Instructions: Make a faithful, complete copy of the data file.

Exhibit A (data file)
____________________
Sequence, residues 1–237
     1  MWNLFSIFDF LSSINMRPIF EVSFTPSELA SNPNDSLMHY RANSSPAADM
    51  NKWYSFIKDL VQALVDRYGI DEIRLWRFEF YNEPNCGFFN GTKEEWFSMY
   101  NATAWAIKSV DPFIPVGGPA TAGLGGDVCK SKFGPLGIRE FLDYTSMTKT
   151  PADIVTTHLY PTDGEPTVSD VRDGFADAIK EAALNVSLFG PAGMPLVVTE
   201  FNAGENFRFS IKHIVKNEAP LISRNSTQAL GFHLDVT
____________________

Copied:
Sequence, residues 1–237
     1  MWNLFSIFDF LSSINMRPIF EVSFTPSELA SNPNDSLMHY RANSSPAADM
    51  NKWYSFIKDL VQALVDRYGI DEIRLWRFEF YNEPNCGFFN GTKEEWFSMY
   101  NATAWAIKSV DPFIPVGGPA TAGLGGDVCK SKFGPLGIRE FLDYTSMTKT
   151  PADIVTTHLY PTDGEPTVSD VRDGFADAIK EAALNVSLFG PAGMPLVVTE
   201  FNAGENFRFS IKHIVKNEAP LISRNSTQAL GFHLDVT